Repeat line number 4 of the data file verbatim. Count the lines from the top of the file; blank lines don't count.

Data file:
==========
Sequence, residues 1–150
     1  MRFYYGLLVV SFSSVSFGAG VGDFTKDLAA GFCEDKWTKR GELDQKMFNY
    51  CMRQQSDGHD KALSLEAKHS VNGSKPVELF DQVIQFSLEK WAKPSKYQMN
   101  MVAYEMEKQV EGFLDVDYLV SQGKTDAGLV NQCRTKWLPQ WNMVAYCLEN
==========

   101  MVAYEMEKQV EGFLDVDYLV SQGKTDAGLV NQCRTKWLPQ WNMVAYCLEN